While most recent high school graduates are spending their summer hanging out with friends or relaxing down the shore, Javier Guzman is hard at work.
The mixed martial arts competitor isn’t going on vacation. He’s not working on his tan or enjoying any parties.
Instead, he’s training … all day, every day, all summer long.
“If you want to win, you have to do all the extra stuff,” said Guzman, 18, a Northeast resident who trains at Philadelphia Fight Sports on Torresdale Avenue. “Winning is awesome, but any fighter will tell you, to live for that moment, it’s awesome but you don’t have a life.
“I’m only eighteen, and I don’t have a life,” he continued. “I’m always here or at the track running, and especially with school and everything, I don’t have a life. But it’s worth it because I love it. This is my passion. This is what I do.”
Guzman has undertaken mixed martial arts training since he was 4. He also is experienced in kickboxing and jiujitsu, and has two years of experience as a school wrestler in the Philadelphia Public League.
He’s currently 1-1-0 in his short-lived amateur career —which officially began eight weeks ago. He defeated Frank Doyle on April 22 during the Matrix Fights IV event, winning by submission just 1:55 into the first round. On June 2, the 5-foot-8, 155-pound fighter lost to Dustin Hurtgam by a unanimous decision.
Guzman is slated to face Patrick Macke during the main event of the Locked in Cage 8 event, scheduled for July 15.
“I got a title next month, so I have to train nonstop,” said Guzman. “It feels good, but it’s exhausting. Sometimes it’s tough, because I want to spend time with my friends and my family and my girlfriend, but I can’t. I have to be here training.
“If you train right and give it one-hundred percent here, it’s not even a fight out there. You go in there and you feel good,” he added. “But if you don’t train, it’ll be the worst couple of minutes of your life. It could either be heaven or hell in there, and it all depends on how you train.”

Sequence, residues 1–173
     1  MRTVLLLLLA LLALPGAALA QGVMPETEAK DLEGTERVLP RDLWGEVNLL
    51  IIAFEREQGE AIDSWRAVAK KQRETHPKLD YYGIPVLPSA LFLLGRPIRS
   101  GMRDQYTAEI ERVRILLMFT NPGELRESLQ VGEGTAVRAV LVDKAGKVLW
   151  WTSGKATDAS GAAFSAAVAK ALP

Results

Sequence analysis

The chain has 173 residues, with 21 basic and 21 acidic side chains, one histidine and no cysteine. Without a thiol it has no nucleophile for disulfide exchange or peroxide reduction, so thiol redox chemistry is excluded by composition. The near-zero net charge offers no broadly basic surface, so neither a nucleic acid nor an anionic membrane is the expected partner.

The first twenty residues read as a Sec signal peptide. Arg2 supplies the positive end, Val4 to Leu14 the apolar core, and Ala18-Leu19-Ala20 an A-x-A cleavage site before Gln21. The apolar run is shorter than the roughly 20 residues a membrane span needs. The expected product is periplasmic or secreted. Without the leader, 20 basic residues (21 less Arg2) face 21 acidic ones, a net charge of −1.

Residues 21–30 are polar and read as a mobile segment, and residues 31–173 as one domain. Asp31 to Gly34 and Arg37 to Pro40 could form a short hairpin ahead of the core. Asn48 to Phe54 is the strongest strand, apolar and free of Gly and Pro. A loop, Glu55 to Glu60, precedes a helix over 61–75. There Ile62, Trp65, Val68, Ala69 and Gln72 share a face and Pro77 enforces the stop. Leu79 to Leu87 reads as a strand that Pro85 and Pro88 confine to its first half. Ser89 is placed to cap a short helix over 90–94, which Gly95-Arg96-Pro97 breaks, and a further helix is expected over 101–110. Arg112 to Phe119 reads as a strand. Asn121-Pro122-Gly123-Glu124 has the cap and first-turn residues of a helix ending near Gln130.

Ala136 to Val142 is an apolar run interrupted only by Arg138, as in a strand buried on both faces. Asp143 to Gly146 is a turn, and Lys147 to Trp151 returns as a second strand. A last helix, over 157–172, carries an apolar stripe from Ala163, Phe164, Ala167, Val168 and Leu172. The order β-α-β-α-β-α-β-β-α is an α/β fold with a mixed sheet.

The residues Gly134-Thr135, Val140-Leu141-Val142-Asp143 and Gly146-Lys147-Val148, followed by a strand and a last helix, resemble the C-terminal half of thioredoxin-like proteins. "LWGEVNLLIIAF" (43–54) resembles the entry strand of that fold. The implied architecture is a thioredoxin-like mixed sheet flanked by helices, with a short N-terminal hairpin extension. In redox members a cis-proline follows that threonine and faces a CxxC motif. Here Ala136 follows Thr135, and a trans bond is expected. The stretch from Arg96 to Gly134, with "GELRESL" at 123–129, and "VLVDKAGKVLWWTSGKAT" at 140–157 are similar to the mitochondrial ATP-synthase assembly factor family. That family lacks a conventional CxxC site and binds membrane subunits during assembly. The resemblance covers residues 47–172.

Although he officially has competed in only two amateur MMA fights, Guzman has more than a decade of experience. He is a two-time Golden Gloves champion and competed in the Junior Olympics.
He spent much of his career training with the Tiger Schulmann martial-arts school, but eight months ago he decided to team up with Philadelphia Fight Sports in Mayfair.
ldquo;I kind of hit a brick wall,” explained Guzman. “I don’t disrespect Tiger Schulmann in any way. It’s nothing against them. They taught me my roots and everything. But I like it here, too. We go hard here. We work on a lot of different things, and it’s intense.”
Guzman wrestled for Northeast High School’s varsity team as a freshman, but he transferred to George Washington High School during his junior year. He joined the Eagles’ wrestling squad that winter, then decided to concentrate solely on his MMA training throughout his senior year.
“Northeast was a little far. I live closer to Washington,” said Guzman, who lives off Knights Road in the Far Northeast. “I like it a lot there. I’m going to miss it. I’m really going to miss it. I’m kind of sad that it’s already time for graduation. I don’t want to leave. I’m going to miss everybody.”
Guzman plans to attend the Community College of Philadelphia’s Northeast campus for his freshman year, followed by a transfer to Temple University.
ldquo;I think financially it’ll be a lot easier,” he said of his plan. “I want to study physical therapy or business and finance to get into promotional stuff. I’m not exactly sure yet, so CCP will give me a chance to figure it out.”
Regardless of the career path he pursues in the classroom, Guzman is certain of his athletic goals.
“I want to get in as many fights as I can and jump to pro. I’m not in a huge rush to go pro, but I want to get in as many fights as I can and rack up as many titles as I can,” Guzman said. “I’m definitely not the best right now. I still have a lot of work to do. Eventually, though, I know I’ll be the best out there.” ••
Editor Melissa Yerkov can be reached at email@example.com